Quoting relevant sections of the Money Laundery (Prevention and Prohibition) Act 2022, the letter signed by the Director-General of the Commission, Mallam Balarabe Shehu Ilelah, stated as follows: Section 2(1) No person or body corporate shall, except in transactions through a financial institution, make or accept cash payment of a sum exceeding – (a) N5, 000, 000 or its equivalent in the case of an individual; or (b) N10, 000, 000 or its equivalent, in the case of body corporate;
Section (2) a person shall not conduct two or more transactions separately with one or more financial institutions or designated non-financial businesses and professions with the intent to avoid the duty to report a transaction which should be reported or breach the duty to disclose the information.
Then this followed. “Pursuant to these provisions, the Commission enjoins all Broadcast Stations to keep a log of all advertisements, Campaign Rallies and sponsored programmes during this period showing, Name of advertiser, Frequency/volume of advert, date and time of broadcast; amount paid for Advert/programme; type of payment (cash/bank transfer) etc.”
Then there was the platitude about their stations not being used to perpetuate Hate Speech, inciting Comments and Fake News, which they don’t monitor anyway, that is, based on what we have seen so far, where politicians used their tongues to pauperise Nigerians or lacerate other political parties from their Icarus position of wealth! Not even a caution. But threats are rolled out every day by relevant authorities when the powerful makes all such good efforts look silly.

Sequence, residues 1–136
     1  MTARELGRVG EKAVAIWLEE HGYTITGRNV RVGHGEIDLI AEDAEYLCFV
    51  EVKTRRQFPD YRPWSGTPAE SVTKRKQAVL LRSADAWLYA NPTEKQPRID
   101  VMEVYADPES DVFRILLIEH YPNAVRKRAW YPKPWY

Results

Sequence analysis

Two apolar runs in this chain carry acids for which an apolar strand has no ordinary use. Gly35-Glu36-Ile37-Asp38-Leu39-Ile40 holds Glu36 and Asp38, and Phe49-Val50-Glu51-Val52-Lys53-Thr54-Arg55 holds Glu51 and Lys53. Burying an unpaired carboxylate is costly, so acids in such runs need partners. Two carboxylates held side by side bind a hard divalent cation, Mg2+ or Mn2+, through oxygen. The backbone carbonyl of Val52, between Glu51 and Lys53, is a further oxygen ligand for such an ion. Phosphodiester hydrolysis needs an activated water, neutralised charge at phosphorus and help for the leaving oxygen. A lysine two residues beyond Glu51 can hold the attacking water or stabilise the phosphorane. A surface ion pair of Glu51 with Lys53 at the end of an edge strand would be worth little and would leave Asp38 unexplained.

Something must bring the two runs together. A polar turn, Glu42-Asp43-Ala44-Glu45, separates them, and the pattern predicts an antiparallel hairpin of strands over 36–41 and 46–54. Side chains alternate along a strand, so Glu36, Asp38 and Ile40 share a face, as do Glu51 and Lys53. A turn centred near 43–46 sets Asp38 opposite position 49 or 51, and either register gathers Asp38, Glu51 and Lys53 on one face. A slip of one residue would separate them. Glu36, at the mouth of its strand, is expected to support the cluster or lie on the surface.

The Electoral Act seems to have agreed with the NBC concerning fairness in broadcasting and advert spending. But Section 95 warns that broadcast and media stations should not be employed to the advantage or disadvantage of any political party or candidate at any election.
It states in part: “Media time shall be allocated equally among the political parties or candidates at similar hours of the day. At any public electronic media, equal airtime shall be allotted to all political parties or candidates during prime times at similar hours each day, subject to the payment of appropriate fees. At any public print media, equal coverage and visibility shall be allotted to all political parties.”